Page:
I always knew I was a little weird.
“She’s just shy,” people said. “She’ll grow out of it.” As a kid, I was waiting for that magical day when I would grow out of it, when I would know what to say when someone spoke to me. In the meantime, I hopped around like a frog, barked like a dog, or talked like a Furby when I was required to communicate.
My weirdness became more obvious as I grew. At some point, adults stop seeing your odd behavior as just a kid being a kid and start expecting you to be polite and social. Suddenly they wanted me to look at them when they spoke to me, to stand still and stop jumping around, to shake their hands and say hello and pay attention.
It became more and more obvious to me that something was not right. The kids at school weren’t nice to me. Some of the teachers weren’t, either. I thought I was going crazy. I was sad all of the time, and I started getting migraines and rashes from stress. I was constantly sick to my stomach.
I was 14 when I learned the term Asperger Syndrome. Of course, Asperger’s technically no longer exists; sometime in the past decade it was rolled into the umbrella diagnosis of Autism Spectrum Disorder, but some people, like myself, still call ourselves Asperger’s.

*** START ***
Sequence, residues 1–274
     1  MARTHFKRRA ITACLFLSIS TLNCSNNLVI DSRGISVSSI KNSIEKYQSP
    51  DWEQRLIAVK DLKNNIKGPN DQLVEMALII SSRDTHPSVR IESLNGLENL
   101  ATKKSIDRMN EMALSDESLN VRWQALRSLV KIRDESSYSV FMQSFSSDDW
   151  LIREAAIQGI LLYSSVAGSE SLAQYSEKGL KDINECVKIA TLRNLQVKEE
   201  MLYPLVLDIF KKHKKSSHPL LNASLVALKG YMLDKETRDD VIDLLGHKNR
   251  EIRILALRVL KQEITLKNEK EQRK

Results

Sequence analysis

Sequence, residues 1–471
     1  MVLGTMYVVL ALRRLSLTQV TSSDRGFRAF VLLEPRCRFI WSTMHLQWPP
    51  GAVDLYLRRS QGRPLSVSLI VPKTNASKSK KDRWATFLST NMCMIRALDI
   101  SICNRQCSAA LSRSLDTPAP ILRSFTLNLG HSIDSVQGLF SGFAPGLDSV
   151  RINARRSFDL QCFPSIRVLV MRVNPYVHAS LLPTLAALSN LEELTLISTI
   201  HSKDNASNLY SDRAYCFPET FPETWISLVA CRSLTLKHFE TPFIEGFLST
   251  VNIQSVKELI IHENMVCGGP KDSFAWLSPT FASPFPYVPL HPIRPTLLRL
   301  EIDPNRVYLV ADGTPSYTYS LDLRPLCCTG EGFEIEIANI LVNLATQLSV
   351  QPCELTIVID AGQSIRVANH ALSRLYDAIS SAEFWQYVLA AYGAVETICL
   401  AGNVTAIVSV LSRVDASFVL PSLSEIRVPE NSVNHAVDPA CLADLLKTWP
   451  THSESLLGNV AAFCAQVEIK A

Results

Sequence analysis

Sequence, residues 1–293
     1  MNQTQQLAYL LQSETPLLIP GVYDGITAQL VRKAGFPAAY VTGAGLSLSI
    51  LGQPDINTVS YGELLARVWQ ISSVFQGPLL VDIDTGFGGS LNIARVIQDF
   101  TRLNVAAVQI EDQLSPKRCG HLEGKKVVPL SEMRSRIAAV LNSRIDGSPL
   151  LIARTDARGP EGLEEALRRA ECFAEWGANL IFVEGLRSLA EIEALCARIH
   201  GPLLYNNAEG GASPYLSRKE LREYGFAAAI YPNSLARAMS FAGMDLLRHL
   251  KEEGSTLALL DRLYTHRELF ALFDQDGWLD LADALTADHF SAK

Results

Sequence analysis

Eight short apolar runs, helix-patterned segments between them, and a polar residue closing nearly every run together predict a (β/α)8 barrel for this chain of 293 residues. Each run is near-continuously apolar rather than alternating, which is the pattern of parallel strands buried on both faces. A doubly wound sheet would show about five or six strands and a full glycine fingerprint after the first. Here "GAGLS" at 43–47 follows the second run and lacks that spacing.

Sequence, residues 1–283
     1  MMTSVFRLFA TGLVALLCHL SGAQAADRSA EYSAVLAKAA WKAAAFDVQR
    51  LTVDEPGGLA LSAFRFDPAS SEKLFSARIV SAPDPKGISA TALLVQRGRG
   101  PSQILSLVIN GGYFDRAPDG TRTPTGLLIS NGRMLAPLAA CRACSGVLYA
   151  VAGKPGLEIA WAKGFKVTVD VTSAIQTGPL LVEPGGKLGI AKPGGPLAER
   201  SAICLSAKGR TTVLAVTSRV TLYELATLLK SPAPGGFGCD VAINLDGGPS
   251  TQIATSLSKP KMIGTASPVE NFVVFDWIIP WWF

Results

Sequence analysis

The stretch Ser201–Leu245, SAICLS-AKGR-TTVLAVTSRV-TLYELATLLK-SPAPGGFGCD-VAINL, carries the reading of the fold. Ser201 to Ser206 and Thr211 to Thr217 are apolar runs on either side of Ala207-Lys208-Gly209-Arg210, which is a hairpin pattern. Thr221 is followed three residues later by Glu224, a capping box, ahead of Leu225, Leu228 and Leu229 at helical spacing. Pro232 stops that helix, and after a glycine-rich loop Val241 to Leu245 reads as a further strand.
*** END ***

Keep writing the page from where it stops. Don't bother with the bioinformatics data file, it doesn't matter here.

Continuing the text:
What is Asperger Syndrome?
Asperger’s is defined by some specific characteristics, such as poor social skills, inability to interpret gestures and body language, poor eye contact, preference for a strict routine, and trouble recognizing sarcasm and humor, among others. Asperger’s individuals often struggle with depression and anxiety. Now, it is more likely to be called High Functioning Autism.
I was officially diagnosed at age 15, and I was so relieved. I wasn’t actually crazy! There was a name for my struggles!
Things weren’t suddenly easy after that. There was a name for it, but what do you do with that information? I struggled through school. I struggled socially. I struggled getting a job. Studies are showing that up to 85% of adults on the spectrum are unemployed or underemployed. I’ve certainly found myself in that number. I’ve tried being who I thought people wanted me to be, who I was taught to be, and that didn’t work.
It’s taken a while; over 15 years after I first heard of Asperger’s, I can finally say I have embraced who I am. Who I am doesn’t always fit into society and what people expect of me, but that is OK.
Perhaps you have a similar story. Perhaps you’re struggling to find your place in this world, or your child is on the spectrum and you don’t know what to do. The world still confuses me, but I can tell you my story and what I’ve learned along the way.